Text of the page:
Indra(redirected from Ahihán)
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Indra(ĭn`drə): see VedaVeda
[Sanskrit,=knowledge, cognate with English wit, from a root meaning know], oldest scriptures of Hinduism and the most ancient religious texts in an Indo-European language.
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Indra(religion, spiritualism, and occult)
The five principal deities of Hinduism are the three gods of the Trimurti (Brahma, Vishnu, and Shiva), Agni, and Indra.
Indra is the ancient god of war and storms, similar to the Greek Zeus or the Norse Odin. He often appears with a thunderbolt in his hand and is known as a slayer of demons.
We first read about him in the ancient hymns of the Vedas, so he probably came to India with the Aryan culture. But over the years this volatile god has, like so many Hindu gods, become internalized and tamed a bit. Originally born of heaven and Earth, he separated the two, bringing form out of chaos when he killed the great demon/serpent Vritra, who was threatening the whole planet.
But a prime myth of Hinduism reminds people that even such accomplishments amount to nothing in the great scheme of things unless they understand the fundamental meaning of what it is to be human.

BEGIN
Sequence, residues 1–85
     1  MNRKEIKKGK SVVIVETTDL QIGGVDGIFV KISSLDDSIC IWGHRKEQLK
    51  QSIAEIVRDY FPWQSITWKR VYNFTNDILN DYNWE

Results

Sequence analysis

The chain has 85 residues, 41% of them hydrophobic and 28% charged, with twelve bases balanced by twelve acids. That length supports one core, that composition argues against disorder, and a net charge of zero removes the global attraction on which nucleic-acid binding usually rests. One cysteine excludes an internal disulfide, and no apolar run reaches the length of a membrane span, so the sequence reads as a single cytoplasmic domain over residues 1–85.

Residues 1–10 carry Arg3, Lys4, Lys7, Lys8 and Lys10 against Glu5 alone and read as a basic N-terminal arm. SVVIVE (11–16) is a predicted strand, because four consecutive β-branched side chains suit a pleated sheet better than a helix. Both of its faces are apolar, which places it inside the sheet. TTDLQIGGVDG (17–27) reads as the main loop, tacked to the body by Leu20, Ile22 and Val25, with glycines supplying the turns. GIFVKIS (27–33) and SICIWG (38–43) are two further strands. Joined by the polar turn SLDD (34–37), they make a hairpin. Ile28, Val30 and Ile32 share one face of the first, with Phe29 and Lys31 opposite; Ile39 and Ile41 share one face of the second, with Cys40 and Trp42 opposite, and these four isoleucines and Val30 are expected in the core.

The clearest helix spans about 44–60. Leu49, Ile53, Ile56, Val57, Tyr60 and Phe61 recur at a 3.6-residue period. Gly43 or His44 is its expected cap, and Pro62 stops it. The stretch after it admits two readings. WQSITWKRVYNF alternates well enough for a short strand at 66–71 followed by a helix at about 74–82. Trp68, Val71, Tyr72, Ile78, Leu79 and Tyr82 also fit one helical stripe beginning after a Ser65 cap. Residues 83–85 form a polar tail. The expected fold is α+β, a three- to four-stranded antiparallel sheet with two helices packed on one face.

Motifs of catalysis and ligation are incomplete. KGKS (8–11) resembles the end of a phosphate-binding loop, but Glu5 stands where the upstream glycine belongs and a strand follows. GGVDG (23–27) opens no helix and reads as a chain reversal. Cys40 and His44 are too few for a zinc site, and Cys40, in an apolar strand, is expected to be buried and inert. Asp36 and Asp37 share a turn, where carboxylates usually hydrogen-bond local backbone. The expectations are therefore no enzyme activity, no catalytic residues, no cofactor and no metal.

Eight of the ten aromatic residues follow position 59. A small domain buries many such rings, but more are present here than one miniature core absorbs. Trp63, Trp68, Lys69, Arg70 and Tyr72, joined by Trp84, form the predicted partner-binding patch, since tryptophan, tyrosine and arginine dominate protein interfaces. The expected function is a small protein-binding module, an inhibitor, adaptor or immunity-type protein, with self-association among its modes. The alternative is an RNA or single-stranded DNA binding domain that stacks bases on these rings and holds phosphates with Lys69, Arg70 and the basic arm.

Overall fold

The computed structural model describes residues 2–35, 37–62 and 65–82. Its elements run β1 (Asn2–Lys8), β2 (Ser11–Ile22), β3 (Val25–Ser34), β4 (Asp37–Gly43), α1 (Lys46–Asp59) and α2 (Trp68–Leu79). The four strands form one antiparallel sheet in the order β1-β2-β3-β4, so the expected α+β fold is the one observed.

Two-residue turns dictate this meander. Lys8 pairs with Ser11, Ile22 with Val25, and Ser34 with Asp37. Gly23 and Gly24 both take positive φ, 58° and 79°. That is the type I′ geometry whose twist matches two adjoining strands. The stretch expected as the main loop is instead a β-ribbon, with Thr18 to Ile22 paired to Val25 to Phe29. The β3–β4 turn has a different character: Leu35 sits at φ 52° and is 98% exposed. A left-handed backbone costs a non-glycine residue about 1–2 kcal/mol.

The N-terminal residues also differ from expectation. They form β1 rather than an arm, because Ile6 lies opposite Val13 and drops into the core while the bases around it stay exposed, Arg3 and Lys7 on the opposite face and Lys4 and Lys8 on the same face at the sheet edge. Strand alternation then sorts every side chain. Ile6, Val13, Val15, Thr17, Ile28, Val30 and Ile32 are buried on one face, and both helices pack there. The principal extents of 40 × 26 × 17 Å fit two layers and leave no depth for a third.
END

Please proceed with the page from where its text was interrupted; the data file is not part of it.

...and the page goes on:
The Upanishads, Hindu sacred texts, tell us that after slaying Vritra, Indra is understandably puffed up with pride. He ascends a great mountain and decides to build a palace worthy of such a great hero as himself. But the construction of the building just goes on and on. The head carpenter to the gods realizes he has signed on to an eternal contract. Clearly something must be done to whittle Indra down to size.
Upon consultation with Brahma, the god of creation, a curious plot is played out. A mysterious messenger appears at the palace door one day, and Indra proceeds to show him around the new construction. The messenger is properly impressed and remarks that this is certainly the finest palace any Indra has ever built. Indra is understandably confused. Any Indra? He thought he was the only one. The messenger from Brahma draws Indra's attention to a procession of ants walking in formation over the palace floor. "Those ants," he says, "are all former Indras!"
And that's the way it goes. A god in one world's lifetime is reincarnated as an ant in the next. It doesn't pay to get too cocky because you never know what kind of karma you're building.
Indra learns his lesson. He goes off to become a yogi. Of course he does everything to extremes, so he has to be taught another lesson. But he finally comes to understand that he is a manifestation of Brahman.